Why Romance?


#1

I noticed that some of the games here (both actually made and WIPs) have options for romance? Even when you’re a soldier in “Mobile Armored Marine”, there’s the possibility of romance.

Could you explain in detail why would these authors feel the compulsive need to add romance in their games? Like, is it just for marketing purposes or wish-fufillment? Or does romance play a major role that can help further the storyline. I am busy making a game, but I don’t think I want to add any romance to my game, and I will cringe if the lack of a romance option makes people not want to play my game.


#2

Many games do not have romance components, but many people are interested in the option in games for the wish-fulfillment factor, and also because that element often is involved in storytelling. Protagonists have love interests, and as stories progress, people often want to play through that aspect.

However, romance may not fit for all games. You are the author and ultimately you have to enjoy the content, and from that you will find your market and create a story they will follow.


#3

I think it depends a lot on the game whether I would miss it. Also, if you don’t feel comfortable writing romance in your game, it would probably not work very well.

For example, in the Marine Raider game I wouldn’t expect any romance.


#4

It does depend on the type of game. Like Bastiaan said, romance would be completely out of place in Marine Raider. And this is because of the short scope of the narrative (it’s just one mission). In others, the narrative spans months or years and well, I guess the thought process is of players is that there should be some bonding going on. I don’t know, I seldom go for romances myself.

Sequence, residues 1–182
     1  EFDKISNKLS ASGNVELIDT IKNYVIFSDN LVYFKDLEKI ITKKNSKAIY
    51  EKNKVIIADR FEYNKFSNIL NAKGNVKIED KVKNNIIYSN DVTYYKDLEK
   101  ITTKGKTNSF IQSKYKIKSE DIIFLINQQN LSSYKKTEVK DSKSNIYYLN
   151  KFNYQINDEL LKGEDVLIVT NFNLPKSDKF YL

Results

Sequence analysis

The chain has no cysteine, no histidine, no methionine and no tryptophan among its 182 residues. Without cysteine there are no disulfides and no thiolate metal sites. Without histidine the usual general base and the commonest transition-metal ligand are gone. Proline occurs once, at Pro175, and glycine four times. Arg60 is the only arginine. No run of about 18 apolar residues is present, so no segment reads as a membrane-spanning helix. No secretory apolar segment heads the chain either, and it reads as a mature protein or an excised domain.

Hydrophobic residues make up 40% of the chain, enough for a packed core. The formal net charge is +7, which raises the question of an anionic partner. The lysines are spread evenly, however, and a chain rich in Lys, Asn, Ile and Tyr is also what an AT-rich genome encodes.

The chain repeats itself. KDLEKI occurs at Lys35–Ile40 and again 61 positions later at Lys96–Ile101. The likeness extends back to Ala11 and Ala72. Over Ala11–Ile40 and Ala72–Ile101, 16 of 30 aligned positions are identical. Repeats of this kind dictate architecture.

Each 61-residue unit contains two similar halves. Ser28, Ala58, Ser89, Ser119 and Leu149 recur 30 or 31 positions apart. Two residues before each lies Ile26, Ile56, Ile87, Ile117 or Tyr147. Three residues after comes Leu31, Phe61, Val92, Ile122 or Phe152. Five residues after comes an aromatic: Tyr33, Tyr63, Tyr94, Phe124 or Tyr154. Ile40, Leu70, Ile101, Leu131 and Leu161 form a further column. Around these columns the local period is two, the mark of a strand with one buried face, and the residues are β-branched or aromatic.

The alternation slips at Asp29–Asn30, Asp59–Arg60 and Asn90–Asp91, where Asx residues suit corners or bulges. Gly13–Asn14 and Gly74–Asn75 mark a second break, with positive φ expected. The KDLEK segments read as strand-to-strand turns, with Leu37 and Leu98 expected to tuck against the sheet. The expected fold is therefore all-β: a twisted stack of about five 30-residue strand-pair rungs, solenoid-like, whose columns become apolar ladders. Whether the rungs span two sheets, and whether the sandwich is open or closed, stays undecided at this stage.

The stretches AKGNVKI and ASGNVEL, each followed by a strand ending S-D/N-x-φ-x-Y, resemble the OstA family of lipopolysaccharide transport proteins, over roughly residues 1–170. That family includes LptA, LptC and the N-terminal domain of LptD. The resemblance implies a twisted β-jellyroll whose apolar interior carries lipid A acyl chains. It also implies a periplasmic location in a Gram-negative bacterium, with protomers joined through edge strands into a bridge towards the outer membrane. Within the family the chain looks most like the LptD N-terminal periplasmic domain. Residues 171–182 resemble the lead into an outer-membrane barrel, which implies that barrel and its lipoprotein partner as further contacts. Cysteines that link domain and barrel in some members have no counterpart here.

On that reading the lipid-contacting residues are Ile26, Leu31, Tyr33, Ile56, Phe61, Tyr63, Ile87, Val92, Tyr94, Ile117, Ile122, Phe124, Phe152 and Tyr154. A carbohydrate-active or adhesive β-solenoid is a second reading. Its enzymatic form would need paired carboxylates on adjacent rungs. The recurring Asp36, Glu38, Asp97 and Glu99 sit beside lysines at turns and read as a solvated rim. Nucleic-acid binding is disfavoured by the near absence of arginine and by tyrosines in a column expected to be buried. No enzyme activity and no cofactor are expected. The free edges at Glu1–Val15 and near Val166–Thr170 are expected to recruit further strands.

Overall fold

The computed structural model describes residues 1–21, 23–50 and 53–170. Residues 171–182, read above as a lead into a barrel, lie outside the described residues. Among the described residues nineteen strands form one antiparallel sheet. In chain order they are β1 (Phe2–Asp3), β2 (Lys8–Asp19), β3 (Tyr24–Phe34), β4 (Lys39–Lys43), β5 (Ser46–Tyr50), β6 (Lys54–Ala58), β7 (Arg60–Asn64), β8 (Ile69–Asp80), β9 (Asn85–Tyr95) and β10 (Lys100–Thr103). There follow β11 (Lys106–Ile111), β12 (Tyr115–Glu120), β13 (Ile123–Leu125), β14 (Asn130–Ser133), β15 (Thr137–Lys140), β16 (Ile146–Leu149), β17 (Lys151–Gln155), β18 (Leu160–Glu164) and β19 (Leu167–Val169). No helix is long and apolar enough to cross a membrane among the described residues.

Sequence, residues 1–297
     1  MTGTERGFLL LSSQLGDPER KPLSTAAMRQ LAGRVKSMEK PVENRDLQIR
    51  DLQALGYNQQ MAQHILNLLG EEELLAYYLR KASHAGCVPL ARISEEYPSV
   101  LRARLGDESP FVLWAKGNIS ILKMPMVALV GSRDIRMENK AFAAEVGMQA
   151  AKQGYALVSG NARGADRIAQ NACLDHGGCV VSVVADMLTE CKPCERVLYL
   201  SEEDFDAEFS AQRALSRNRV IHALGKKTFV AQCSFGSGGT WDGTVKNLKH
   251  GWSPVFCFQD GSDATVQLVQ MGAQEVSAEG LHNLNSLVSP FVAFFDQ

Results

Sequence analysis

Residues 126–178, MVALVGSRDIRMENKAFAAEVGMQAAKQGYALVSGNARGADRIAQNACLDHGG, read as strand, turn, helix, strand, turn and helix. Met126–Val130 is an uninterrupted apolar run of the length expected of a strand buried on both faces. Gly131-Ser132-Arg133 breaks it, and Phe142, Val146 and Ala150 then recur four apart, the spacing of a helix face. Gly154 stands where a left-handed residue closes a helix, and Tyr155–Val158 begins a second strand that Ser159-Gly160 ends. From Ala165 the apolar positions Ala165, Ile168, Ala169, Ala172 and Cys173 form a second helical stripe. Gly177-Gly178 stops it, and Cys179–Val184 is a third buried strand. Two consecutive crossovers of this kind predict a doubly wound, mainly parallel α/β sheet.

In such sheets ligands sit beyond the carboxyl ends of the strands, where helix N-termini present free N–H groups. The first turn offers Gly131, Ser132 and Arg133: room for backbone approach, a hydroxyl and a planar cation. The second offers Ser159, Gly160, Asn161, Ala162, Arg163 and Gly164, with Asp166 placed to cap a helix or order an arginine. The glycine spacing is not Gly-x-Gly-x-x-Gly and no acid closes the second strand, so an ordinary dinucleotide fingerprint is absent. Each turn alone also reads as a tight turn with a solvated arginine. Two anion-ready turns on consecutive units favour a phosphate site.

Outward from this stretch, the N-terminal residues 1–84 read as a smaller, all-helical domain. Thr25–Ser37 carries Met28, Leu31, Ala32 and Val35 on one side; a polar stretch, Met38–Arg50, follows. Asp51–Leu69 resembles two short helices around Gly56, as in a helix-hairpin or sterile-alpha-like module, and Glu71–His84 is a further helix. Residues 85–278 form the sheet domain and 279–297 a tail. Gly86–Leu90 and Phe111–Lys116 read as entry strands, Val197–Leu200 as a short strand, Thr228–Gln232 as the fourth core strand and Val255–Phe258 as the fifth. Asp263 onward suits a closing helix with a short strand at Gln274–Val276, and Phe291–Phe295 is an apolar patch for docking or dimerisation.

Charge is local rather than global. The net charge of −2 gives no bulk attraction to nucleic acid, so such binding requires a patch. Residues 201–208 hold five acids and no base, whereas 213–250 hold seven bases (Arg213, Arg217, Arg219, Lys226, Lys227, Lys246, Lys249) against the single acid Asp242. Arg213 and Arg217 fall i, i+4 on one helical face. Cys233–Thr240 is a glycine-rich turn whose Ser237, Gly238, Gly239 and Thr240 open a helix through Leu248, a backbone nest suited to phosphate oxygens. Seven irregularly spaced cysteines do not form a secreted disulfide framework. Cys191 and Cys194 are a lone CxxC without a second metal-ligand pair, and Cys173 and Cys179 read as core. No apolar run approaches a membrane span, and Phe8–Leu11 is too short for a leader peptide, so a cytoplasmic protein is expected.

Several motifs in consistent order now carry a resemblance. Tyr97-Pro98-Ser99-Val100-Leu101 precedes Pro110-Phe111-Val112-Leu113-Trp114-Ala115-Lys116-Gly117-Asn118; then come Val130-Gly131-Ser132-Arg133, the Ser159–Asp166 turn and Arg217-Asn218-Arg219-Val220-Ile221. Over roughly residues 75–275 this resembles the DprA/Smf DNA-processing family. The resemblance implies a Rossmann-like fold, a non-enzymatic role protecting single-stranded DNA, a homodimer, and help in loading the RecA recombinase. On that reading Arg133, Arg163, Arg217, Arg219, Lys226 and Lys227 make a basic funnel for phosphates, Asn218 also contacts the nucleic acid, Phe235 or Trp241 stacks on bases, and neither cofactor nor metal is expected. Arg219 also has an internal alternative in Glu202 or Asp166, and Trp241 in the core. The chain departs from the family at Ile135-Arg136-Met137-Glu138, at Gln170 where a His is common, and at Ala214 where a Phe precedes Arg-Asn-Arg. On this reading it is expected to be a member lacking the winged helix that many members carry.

Really, you don’t have to feel obligated to include it.


#5

Nothing much to add to the well-considered thoughts above, only that in popular fiction the “almost-romance” sub-plot is often just as appealing for the reader, and sometimes more so. You’ll also see it a lot in popular TV, this “will they, or won’t they?” type of relationship (Mulder & Scully in X-Files, for example).

This may be an option in some CoG games if, as the author, you don’t feel comfortable with writing full-blown romance, which is entirely understandable.


#6

Its a choice at the end of the day. Some players like having their character having a romance. If done right it can enhance the story.

In the game I am writing the player works with another person. I will let players initiate a romance but it will be optional you don’t have to if you don’t want to.


#7

1: Because romance is a core part of the human condition. A significant majority of humanity spends a not-inconsiderable amount of time entangled in the worries of finding and pleasing a mating partner, partners, or whatever floats the boat. The CoGs in particular tend to be longer stories about the protagonist’s life in their particular genre; it’d be odd if you couldn’t have a romance in these.
2: Fictional tradition. Just about every piece of fiction for anyone except under-twelve males has a romantic subplot. It’s a quick way to wake up the reader and score a couple of points, and contrary to what people often assume, it’s actually very hard to screw up so long as it remains a subplot.
3: In games, you can usually just skip it, unless of course it’s a dating sim, so there’s more reason to include it as an option. (Mobile Armored Marine botched this, by forcing you into a romance should you meet the conditions, whether or not you as a player cared for the character you got partnered with. That stuck in my craw.)